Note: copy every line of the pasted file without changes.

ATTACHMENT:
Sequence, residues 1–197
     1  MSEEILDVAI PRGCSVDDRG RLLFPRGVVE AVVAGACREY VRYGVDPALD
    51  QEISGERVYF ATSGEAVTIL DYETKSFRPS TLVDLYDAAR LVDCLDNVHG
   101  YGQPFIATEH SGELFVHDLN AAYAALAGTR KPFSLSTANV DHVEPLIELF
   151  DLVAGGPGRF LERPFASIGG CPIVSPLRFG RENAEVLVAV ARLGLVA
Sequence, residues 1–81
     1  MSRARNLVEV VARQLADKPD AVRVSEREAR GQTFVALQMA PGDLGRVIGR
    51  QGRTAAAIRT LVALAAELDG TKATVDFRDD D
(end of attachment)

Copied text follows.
Sequence, residues 1–197
     1  MSEEILDVAI PRGCSVDDRG RLLFPRGVVE AVVAGACREY VRYGVDPALD
    51  QEISGERVYF ATSGEAVTIL DYETKSFRPS TLVDLYDAAR LVDCLDNVHG
   101  YGQPFIATEH SGELFVHDLN AAYAALAGTR KPFSLSTANV DHVEPLIELF
   151  DLVAGGPGRF LERPFASIGG CPIVSPLRFG RENAEVLVAV ARLGLVA
Sequence, residues 1–81
     1  MSRARNLVEV VARQLADKPD AVRVSEREAR GQTFVALQMA PGDLGRVIGR
    51  QGRTAAAIRT LVALAAELDG TKATVDFRDD D